We’re very excited to have been invited to be present at this conference next month!
Glenn is speaking on Tuesday 8th under the title:
Diving Deeper into our Relationship with Whales and their Ocean Home
and we will have a stand for the duration of the conference.
Earlier this century we were fortunate to spend several months of the year with the humpback whales of Tonga around the Ha’apai Islands. From our whale watching base on Foa Island, we took people out on our Wharram sailing catamaran and swam with these incredibly majestic beings. As a result of our experiences with the whales, we went on to establish Ocean Spirit Ltd which subsequently gave birth to Te Wairua O Te Moananui-Ocean Spirit Charitable Trust in January this year.
Glenn’s abstract for the conference is as follows:
“Ko tãtou te moana, Ko te moana ko tãtou”
We are the Ocean, The Ocean is us – Maori proverb
“In the Biosphere, water cannot be separated from life and life cannot be separated from water.” Vladimir Vernadsky (19th century Russian scientist and pioneer of the biospheric sciences).
We modern humans have been living under the delusion of separation: separation of our species from the rest of the life community, and the arbitrary separation of life and the ‘non-living’ environment. But for cetaceans, and indeed, all marine life there has never been any separation between themselves and the Ocean.
The whales (especially the migrating species) need us to understand that the Ocean is one living system, and as such, we must address our personal and collective relationship with this living presence. We need to comprehend and experience ourselves as a part of, rather than apart from our Ocean planet as we explore what actions we can take to secure a positive future for the Ocean, the whales and ourselves.
These are the themes of my book “The Ocean Is Alive: Re-visioning our relationship with the living Ocean”, which was inspired by my twenty year relationship with humpback whales in the Kingdom of Tonga (the subjects of my earlier book “Humpback Whales of the South West Pacific”).
Transitioning from an anthropocentric world-view to an eco-centric perspective is fundamental to developing a more harmonious and respectful relationship with the Ocean and our cetacean kin. We believe that community based initiatives can play a key role in re-defining these relationships.
This is also a wonderful opportunity to showcase our Hauora Moana (Healthy Ocean) Community Monitoring Initiative whose purpose is to encourage local communities to ‘take ownership’ of the health and well being of their coastal marine ecosystems.
“Plastics, like diamonds, are forever! Every piece of plastic ever produced still exists.”
The Tutukaka Marina SeaBin was officially launched on 29th April 2019 and has been busily collecting floating debris and surface fuel oil ever since.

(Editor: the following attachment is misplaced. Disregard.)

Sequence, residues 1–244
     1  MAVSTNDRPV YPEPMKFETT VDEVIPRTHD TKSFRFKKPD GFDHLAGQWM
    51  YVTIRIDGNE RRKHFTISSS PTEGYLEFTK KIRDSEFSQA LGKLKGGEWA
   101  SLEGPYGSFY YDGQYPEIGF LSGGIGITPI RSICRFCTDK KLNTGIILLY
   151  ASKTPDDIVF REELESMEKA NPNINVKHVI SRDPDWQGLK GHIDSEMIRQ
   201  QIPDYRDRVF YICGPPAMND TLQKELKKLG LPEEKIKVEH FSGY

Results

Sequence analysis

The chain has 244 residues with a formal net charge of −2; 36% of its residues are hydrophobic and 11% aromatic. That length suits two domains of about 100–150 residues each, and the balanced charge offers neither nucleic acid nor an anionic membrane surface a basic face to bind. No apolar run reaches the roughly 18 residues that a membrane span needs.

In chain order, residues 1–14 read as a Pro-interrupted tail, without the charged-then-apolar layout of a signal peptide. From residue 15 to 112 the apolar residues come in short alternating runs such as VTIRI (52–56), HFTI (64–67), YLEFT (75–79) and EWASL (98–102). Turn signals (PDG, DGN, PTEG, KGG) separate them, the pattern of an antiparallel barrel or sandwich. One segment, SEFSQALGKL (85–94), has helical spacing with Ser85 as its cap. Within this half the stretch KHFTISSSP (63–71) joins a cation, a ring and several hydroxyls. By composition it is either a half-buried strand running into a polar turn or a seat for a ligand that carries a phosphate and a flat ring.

The bin is regularly emptied by volunteers who sort the debris, collate the results and send the data to SeaBin International.
The sorting process involves removing the net bag from the SeaBin, emptying it onto one of Mitre 10’s sponsored tarpaulins and separating the organic from the inorganic debris. Any marine creatures who’ve been drawn into the bag, are carefully placed in one of the seven Mitre 10 orange buckets with sea water in it, and returned to the marina together with any marine biomass. Any terrestrial biomass is composted on land.
All human generated rubbish is sorted into categories as outlined by the SeaBin Project. Micro-plastics are regularly captured in the bin and range from flakes of toxic paint to plastic nurdles and unidentified blobs. A micro-plastic is any piece measuring less than 5mm. The SeaBin Project https://seabinproject.com/ is building an important data base from debris collected in its 719 SeaBins around the world.
The process is very fiddly and requiries a certain amount of concentration! Some of the micro-plastics are really tiny and in this case small is definitely not beautiful. Micro-plastics are entering the oceanic food chain at an alarming rate and because of their size, removing them from the ocean is an impossible task. Large pieces of plastic photo-degrade in sunlight eventually becoming plastic dust that contaminates all ocean dwellers from zoo plankton to whales.
Thank you Mitre 10 Whangarei for contributing to plastic removal from the ocean.
NZAEE Seaweek – Kaupapa Moana 2019
Saturday 2nd to Sunday 10th March 2019.
“Tiakina o Tatou Moana – Care for our Seas”. http://www.seaweek.org.nz/
Seaweek is New Zealand’s annual national week about the sea and is hosted by the NZ Association for Environmental Education (NZAEE). Focused on learning from the sea, it’s designed to inspire all New Zealanders to renew their connection with the sea! Not just for children or those involved with formal education, but for all of us to get to know the ocean around our islands, her habitats and inhabitants better.
Te Wairua O Te Moananui – Ocean Spirit are giving a free talk on sharks in our local library in Whangarei. All are welcome!